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Bearers of a Proud Legacy

Byzantine Catholics honor their heritage in Bulgaria

Tucked into a quiet, tree-lined street in the historic Bulgarian city of Plovdiv stands the unassuming Church of the Ascension, the heart of central Bulgaria’s tiny Byzantine Catholic community.

“We are the little inheritors of a great tradition,” says Father Daniel Gilier, a French Assumptionist who serves Byzantine Catholics in Plovdiv and the nearby village of Kuklen. Father Gilier and his colleague, Father Peter Lubas, a Croatian, have had to adapt to the Byzantine tradition, much like their Assumptionist forebears who first came to the Balkan nation in 1862.

“We didn’t know much about the Bulgarian Byzantine liturgy when we first came, but little by little we have learned,” he continues. “We first lived with an elderly Bulgarian priest and, after one year, I was ready to celebrate the liturgy.

“Though the process of adapting – internally, in my heart – has taken several years, I am happy I came here. Bulgaria has opened many new horizons.”

Bulgaria’s Byzantine Catholic Church may number only 10,000 people, but the tiny church is intimately linked to Bulgaria’s quest for identity and independence.

Contradictions. A nation of 7.5 million people, Bulgaria often seems to be at odds with itself. Although republicans, Bulgarians in 2001 elected as premier their former monarch, Simeon II.

Although Orthodox Christians, Bulgarians have historically been at odds with their Greek neighbors, from whom they received the Orthodox faith.

Although suspicious of those who wield power, Bulgarians were scandalized by a bitter public feud within the hierarchy of the Orthodox Church.

Surrounded by Greece, Turkey, Romania, Macedonia and Yugoslavia, Bulgaria is a European threshold, a major point of entry for merchants laden with goods legal and illegal. Roman, Bulgar, Byzantine, Serb, Turkish and Russian armies have crossed its plains, mountains and valleys, settling and killing, eager to control its strategic land routes linking Europe with the Middle East and Asia.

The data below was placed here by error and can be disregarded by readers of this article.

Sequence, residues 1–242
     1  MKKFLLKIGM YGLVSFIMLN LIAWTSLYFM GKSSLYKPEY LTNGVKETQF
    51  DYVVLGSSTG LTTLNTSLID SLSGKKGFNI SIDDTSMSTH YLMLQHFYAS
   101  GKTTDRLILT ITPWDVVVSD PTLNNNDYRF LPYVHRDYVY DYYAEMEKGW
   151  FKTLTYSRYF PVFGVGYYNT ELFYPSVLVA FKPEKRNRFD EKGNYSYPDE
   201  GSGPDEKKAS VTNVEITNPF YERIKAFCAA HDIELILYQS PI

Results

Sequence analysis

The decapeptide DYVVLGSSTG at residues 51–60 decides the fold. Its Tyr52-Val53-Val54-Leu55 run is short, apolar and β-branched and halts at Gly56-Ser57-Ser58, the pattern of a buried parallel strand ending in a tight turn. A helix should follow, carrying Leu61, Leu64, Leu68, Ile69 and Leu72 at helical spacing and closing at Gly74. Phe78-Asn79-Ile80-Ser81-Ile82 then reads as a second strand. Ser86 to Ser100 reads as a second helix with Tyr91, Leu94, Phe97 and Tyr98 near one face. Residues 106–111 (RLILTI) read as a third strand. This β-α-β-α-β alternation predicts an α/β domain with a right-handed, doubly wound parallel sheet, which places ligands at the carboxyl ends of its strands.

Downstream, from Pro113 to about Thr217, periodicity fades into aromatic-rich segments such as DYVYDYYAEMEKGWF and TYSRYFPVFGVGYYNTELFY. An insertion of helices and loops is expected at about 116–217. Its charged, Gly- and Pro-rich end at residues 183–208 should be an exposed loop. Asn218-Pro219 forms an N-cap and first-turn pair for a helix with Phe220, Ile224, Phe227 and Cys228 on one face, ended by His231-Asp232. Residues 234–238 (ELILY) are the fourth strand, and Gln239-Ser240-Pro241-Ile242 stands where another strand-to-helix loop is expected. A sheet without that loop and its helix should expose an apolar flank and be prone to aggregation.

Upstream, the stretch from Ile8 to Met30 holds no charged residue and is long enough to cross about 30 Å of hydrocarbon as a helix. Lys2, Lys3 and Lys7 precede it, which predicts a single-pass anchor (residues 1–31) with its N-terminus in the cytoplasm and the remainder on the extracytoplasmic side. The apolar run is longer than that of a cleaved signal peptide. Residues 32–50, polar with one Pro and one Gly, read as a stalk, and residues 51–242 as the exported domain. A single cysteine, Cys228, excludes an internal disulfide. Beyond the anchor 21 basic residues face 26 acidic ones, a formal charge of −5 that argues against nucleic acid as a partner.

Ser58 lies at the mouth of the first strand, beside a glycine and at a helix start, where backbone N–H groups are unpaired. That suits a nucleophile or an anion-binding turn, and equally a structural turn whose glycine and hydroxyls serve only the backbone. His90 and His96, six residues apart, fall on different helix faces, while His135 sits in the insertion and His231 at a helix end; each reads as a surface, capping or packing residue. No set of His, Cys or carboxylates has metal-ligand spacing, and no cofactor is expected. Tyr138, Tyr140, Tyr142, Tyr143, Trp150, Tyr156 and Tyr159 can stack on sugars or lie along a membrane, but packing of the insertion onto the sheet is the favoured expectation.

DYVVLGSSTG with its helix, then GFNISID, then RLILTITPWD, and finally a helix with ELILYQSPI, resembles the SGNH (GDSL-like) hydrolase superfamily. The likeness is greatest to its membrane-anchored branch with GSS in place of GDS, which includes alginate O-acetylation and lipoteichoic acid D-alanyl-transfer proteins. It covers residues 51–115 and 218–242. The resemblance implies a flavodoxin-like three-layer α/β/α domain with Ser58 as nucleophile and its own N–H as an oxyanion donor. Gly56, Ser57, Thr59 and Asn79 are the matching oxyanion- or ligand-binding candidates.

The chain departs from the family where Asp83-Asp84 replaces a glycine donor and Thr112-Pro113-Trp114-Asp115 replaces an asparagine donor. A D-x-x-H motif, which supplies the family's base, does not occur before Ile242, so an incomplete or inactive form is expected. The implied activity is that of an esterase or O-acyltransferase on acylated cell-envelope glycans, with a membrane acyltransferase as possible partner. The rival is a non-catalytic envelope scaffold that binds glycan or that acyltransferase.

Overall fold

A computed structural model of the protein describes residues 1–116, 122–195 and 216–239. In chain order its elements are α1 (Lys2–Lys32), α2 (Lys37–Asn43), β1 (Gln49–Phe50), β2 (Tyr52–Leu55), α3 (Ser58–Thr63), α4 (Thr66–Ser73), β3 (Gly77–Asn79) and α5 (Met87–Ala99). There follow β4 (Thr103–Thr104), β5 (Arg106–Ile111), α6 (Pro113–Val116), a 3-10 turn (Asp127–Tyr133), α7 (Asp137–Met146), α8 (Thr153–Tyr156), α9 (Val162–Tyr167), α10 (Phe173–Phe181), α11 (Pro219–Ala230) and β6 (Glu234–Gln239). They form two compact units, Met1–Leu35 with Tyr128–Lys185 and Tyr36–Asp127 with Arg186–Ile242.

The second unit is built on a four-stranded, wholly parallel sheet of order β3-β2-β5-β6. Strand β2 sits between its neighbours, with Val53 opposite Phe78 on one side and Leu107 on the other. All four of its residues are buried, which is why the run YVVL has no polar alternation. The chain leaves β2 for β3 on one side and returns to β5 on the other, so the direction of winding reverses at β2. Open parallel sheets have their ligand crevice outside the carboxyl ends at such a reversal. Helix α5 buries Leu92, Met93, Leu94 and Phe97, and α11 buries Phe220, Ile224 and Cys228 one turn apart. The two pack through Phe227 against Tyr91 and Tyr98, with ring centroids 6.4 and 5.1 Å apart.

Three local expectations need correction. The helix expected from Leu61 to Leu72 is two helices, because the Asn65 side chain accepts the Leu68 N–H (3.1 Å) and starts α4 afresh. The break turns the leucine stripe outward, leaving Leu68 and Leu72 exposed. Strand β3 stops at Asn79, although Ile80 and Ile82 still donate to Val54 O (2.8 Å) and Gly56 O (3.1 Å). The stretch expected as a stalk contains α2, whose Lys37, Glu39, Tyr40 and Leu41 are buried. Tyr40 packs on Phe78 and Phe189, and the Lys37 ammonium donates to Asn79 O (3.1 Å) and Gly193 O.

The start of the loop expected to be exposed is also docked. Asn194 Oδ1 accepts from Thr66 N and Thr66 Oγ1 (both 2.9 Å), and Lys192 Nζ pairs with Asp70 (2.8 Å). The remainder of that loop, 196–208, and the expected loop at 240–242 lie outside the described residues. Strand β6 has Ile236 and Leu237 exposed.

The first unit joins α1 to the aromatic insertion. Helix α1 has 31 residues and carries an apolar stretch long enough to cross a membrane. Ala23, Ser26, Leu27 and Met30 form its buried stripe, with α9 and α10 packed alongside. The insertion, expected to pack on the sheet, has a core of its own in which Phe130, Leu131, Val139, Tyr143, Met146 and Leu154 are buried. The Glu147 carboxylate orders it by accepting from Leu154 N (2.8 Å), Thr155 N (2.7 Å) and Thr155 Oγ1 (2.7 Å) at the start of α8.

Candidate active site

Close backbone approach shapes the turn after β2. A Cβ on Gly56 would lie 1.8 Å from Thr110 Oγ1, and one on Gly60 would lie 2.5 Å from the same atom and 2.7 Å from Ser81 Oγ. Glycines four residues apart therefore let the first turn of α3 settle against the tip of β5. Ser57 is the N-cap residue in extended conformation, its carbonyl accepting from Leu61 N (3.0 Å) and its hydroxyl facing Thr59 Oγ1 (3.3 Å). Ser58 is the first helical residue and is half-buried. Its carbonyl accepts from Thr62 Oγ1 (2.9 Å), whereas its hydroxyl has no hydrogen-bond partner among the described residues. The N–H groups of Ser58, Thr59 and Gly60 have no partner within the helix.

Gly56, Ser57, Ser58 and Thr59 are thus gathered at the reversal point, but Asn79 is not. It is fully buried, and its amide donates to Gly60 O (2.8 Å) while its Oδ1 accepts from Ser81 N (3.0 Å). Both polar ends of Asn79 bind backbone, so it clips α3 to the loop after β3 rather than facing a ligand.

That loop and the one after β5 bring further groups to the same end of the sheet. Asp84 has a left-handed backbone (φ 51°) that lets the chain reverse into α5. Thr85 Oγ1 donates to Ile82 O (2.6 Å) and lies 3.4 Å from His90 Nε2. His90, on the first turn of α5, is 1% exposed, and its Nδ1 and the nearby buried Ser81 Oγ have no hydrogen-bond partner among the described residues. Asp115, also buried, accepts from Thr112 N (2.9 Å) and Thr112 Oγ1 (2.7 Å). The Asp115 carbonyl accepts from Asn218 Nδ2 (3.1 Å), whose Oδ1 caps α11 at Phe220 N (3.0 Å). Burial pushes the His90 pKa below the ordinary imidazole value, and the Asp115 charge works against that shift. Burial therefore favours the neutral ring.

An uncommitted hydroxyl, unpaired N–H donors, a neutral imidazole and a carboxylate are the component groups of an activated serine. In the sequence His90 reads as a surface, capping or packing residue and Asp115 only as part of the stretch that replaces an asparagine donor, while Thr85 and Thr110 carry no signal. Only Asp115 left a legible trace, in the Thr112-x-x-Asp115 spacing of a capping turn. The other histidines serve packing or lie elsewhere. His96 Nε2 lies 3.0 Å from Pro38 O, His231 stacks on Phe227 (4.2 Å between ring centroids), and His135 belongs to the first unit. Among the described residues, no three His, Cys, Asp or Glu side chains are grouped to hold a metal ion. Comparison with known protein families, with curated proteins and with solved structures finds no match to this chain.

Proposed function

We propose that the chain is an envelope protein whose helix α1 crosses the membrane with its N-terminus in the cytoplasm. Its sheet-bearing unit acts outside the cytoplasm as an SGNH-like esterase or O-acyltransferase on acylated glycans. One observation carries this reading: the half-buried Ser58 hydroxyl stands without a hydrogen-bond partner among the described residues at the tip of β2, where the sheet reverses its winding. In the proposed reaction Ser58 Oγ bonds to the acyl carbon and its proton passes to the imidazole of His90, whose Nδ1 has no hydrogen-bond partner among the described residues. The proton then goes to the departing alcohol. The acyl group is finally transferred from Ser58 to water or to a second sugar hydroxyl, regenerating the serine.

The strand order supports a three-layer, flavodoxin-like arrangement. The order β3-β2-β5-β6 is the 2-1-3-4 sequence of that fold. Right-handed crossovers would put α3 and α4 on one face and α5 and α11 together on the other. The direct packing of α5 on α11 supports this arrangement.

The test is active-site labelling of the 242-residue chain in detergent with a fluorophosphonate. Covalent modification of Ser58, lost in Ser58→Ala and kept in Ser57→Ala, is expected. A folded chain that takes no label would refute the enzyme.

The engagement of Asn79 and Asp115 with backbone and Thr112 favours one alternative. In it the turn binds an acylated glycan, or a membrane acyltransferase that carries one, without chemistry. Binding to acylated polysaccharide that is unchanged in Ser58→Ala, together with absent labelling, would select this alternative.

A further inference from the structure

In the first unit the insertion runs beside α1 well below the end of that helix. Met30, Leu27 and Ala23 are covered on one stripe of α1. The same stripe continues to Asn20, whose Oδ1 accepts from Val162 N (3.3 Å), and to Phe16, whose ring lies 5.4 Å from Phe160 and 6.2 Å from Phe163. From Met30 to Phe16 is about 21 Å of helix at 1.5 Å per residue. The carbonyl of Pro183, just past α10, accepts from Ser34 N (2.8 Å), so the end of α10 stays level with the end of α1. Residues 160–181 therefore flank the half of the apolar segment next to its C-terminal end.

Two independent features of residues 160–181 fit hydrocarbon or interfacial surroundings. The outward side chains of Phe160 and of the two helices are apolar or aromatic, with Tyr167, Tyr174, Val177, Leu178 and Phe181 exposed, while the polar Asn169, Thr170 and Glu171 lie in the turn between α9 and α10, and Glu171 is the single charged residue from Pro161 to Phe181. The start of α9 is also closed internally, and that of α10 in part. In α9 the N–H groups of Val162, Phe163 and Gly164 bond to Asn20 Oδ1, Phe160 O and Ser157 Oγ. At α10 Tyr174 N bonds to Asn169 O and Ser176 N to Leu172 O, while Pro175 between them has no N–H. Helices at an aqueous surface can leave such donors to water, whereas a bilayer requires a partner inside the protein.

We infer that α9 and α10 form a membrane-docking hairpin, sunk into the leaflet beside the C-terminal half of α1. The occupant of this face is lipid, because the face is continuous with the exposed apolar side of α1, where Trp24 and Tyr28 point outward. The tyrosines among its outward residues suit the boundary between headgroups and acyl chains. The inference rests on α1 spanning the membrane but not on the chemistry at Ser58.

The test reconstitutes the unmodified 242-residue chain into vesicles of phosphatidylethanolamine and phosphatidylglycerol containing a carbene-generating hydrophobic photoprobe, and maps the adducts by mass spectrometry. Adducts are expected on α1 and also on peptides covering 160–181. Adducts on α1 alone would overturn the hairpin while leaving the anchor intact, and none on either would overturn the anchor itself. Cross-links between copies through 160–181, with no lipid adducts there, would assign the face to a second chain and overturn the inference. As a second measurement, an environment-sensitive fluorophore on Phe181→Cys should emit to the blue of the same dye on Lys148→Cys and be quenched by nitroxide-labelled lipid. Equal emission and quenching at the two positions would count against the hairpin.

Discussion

Bulgarians are descendants of the Bulgars, a central Asian Turkish tribe who swept through the region in the late seventh century and intermarried with the indigenous Slavic population. Though a considerable threat to the Byzantines, the Bulgarians adopted the Byzantine form of Christianity with the baptism of King Boris I in 865.

As if staging an ancient Greek tragedy, Bulgaria’s history is filled with episodes of submission to and adoption of Byzantine government and culture, alternating with periods of revolt. The eventual decline of the Byzantine Empire and the rise of the Turks spelled disaster for the Bulgarian people who, beginning in 1393, lived under their oppressive rule for more than five centuries.

In the quest to rid their empire of a distinct Bulgarian ethnic, cultural and religious identity – the rallying cry for independence – the Turks abolished the Bulgarian Orthodox Church in 1767, forcibly integrating it with the last vestiges of the Byzantine Empire, the Ecumenical Patriarchate in Constantinople. The Greek-dominated patriarchate in turn began its own assimilation campaign, appointing Greek-speaking bishops and discouraging use of Church Slavonic, the linguistic precursor of modern Bulgarian.

Nationalism and Catholicism. Despite centuries of suppression and forced assimilation, a sense of Bulgarian nationalism emerged in the 19th century. Rooted in the values of the Enlightenment and nurtured, ironically, by Bulgaria’s Orthodox monks – who safeguarded Bulgaria’s rich cultural patrimony – this quest for independence first affected Bulgaria’s Orthodox community.

In an effort to reassert traditional rights and privileges and to attain independence from the Ecumenical Patriarchate, an influential group of Bulgarians explored full communion with the Church of Rome to safeguard their unique identity.

In 1861 an elderly archimandrite, Joseph Sokolsky, headed a delegation to Rome where he was received by Pope Pius IX. The pope ordained him a bishop and named him Archbishop for Bulgarian Catholics of the Byzantine Rite.

Identified with the Bulgarian nationalist cause, the archbishop was nevertheless recognized as such by the Ottoman Turkish government in Constantinople.

Archbishop Joseph vanished once he returned to Constantinople, only to resurface later at a monastery in Kiev. The details of this mystery have never been revealed.

The idea of a Bulgarian Church independent of Constantinople – with its Turkish civil authorities and Greek church leadership – took off and within a decade more than 60,000 Bulgarian Orthodox Christians opted for communion with the Church of Rome.

The omnipresent big brother of the Slavs, Russia, stepped in and pressured the Ottoman Turkish government to recognize an autonomous Bulgarian Orthodox Church, which was created in 1870. Less than two years later, the Ecumenical Patriarchate declared the Bulgarian Orthodox Church schismatic; a breach not healed until 1945.